Healthcare Standards

Hospital foundation brings local Rotary club up to date on new facility efforts

Portage District General Hospital Foundation executive director Tara Pettinger visited the local Rotary club’s virtual luncheon meeting this week. She outlined where the foundation is at with its efforts to bring a new hospital facility to our city.

Pettinger says the importance of the facility is evident with its 88 beds to provide a wide variety of acute services and the ER has continued year after year to see some of the highest volumes of visits in our region, where the hospital is one of three. She notes a study was made to reveal the need for a major change.

“Within that study, as you can imagine, there were significant building and functional deficiencies that were identified, and the majority of the spaces were in fair to poor conditions,” continues Pettinger. “50 to 75 per cent of the existing facility was deemed beyond a reasonable recommendation for renovation to current standard. So, there are ongoing issues with the facility. When I go in there after a weekend, and staff at the hospital have been on-call, it’s not unusual to hear staff explain that pipes burst this weekend in the ER. They might have had a pipe burst down in the OR. That really, obviously, impedes patient care, which is just not ideal.”

She says it’s unreasonable to think that employees can continue working in such an environment and not find it difficult.

“And that is on top of the difficult work environment that our health care is facing right now,” adds Pettinger. “It’s really a key time where I think that these issues within our hospital are really amplified. The architectural study was massive.”

Pettinger says some of the glaring issues include confusion for those who visit the Emergency Room.

“There are sightline issues when you go in to get triage,” says Pettinger. “You’re not even in a closed confined space. You have two walls and you have a curtain, and that is not a confidential space. The surgical theatre size is 333 square feet. For the actual standard, it should be 590. We’re significantly undersized in our actual theatre sizes as well as the recovery space.”

She explains the ability to offer barrier-free washrooms is not there for those in recovery, and an enlarged space is very significant to recovery in the ICU.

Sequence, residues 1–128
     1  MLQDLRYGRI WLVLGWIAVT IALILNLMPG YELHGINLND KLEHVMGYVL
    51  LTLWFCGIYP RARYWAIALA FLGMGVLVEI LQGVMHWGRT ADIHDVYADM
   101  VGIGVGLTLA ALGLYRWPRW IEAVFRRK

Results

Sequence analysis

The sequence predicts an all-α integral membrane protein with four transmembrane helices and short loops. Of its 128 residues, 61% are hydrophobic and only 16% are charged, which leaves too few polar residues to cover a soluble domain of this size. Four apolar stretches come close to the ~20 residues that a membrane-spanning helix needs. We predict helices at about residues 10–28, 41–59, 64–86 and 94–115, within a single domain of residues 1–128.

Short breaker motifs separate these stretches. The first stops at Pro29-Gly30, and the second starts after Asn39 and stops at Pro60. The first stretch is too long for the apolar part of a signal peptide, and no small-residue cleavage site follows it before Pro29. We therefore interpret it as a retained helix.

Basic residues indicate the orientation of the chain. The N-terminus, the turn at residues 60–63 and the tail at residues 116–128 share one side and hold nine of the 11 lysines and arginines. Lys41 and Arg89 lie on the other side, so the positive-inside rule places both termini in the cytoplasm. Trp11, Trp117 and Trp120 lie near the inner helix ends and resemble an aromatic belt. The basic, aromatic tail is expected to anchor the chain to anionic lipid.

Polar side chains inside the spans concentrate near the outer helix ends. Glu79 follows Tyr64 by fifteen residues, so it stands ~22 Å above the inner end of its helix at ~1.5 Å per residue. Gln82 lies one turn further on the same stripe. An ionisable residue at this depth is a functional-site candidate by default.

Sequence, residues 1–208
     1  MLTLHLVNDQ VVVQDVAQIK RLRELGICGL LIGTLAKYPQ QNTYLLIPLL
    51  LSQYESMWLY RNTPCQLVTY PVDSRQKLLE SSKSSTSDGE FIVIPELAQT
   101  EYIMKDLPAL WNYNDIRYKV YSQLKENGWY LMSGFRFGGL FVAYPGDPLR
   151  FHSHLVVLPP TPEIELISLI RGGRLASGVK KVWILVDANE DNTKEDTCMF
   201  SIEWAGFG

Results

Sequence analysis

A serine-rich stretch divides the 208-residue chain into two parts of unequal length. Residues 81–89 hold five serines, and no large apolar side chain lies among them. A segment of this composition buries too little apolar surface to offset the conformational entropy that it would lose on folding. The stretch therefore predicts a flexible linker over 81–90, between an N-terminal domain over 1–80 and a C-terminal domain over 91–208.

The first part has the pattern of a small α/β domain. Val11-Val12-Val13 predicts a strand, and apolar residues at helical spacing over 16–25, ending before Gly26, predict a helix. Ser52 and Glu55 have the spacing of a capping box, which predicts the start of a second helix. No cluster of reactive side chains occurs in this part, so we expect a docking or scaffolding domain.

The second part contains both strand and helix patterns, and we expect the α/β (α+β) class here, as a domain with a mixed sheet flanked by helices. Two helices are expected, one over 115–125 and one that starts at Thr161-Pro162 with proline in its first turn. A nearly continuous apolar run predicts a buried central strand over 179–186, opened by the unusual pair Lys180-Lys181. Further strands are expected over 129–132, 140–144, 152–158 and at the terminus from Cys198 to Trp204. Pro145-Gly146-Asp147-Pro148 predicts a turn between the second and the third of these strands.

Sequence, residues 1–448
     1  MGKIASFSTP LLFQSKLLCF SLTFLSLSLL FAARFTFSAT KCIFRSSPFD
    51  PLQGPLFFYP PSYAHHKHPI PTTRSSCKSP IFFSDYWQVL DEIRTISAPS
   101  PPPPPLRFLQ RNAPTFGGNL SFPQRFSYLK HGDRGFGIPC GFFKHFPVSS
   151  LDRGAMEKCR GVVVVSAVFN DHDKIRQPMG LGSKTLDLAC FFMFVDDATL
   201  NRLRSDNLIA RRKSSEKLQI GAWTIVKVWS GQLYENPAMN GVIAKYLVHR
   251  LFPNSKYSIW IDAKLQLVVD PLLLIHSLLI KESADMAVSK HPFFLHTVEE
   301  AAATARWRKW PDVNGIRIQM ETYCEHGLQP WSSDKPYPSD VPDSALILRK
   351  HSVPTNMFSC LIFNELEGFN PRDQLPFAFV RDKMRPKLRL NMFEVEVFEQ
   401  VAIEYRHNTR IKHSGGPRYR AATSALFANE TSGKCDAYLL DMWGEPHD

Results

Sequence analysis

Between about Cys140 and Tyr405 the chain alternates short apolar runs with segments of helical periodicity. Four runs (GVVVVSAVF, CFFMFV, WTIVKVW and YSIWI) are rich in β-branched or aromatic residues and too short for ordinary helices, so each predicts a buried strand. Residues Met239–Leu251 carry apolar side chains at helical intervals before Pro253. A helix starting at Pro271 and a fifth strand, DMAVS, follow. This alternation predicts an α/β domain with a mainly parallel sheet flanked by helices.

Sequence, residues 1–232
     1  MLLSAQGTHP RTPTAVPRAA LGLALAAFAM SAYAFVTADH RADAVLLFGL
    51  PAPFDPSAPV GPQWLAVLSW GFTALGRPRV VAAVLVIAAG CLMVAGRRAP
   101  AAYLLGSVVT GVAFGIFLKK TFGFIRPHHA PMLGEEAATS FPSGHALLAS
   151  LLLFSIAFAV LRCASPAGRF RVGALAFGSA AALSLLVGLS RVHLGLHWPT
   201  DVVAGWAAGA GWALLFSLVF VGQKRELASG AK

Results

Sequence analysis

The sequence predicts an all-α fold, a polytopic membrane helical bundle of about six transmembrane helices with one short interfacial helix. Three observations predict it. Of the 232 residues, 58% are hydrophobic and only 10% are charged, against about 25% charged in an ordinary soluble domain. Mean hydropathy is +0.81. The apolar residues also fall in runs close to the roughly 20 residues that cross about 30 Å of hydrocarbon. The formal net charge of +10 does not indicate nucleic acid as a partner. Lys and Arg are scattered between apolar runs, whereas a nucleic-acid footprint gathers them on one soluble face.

“Our washrooms are significantly undersized,” adds Pettinger. “That is the space in the hospital where a single room should be 276 square feet based on the current standards, and we have double rooms that are 252 square feet. So, our double rooms are under what a current single room standard is, which is just not okay.”

Pettinger says healthcare standards are ever-changing and it’s not something that any facility can completely keep up with.

“However, there are some things that we are just way too far past and just can’t sit the way they are any longer,” says Pettinger. “For anybody who’s been involved with trying to go to diagnostics or the lab, you can see that that entrance has been closed for a very long time because of the way the roof is overhung, and it creates entry difficulties. Therefore, you have to go in and you have to go back through the back of the lab, which just doesn’t create good flow. In our rehab areas, when we want to buy new wheelchairs or new walkers, you’re probably going to have that in your office now because there’s just no storage space for that. And patient kitchenettes are being shared with nursing support areas where they’re trying to do filing and documentation.”

She outlines more of the reasons for a change.

“On the medical section, in many of those areas, the only bathing station is downstairs,” continues Pettinger. “So, if you are upstairs, you need to be transported all the way down for your bath. There’s just nothing about it that is ideal. Medical is another one where the double rooms are under the standard size for a single room now. In dialysis, we have nine stations and the lack of isolation for when there are six sick patients receiving dialysis, as well as the waiting room is isolated from where dialysis treatment is happening. Therefore, for nursing staff, it’s really difficult to monitor those waiting as well.”

Pettinger also explains how the helipad route for patients flown into the hospital or those who must be flown out can only use the hospital’s stores entrance.

“So, where delivery trucks drop off their stuff, that’s the door that STARS has to come in,” notes Pettinger. “So, not really an ideal route, obviously. And then parking. Parking is the one that probably anybody who frequents or goes to the hospital — it’s always a big issue.”

She adds that if you show up at the hospital and mobility is an issue, your vehicle must be parked quite a distance away from the front entrance, disallowing you to come on your own with need of being dropped off.

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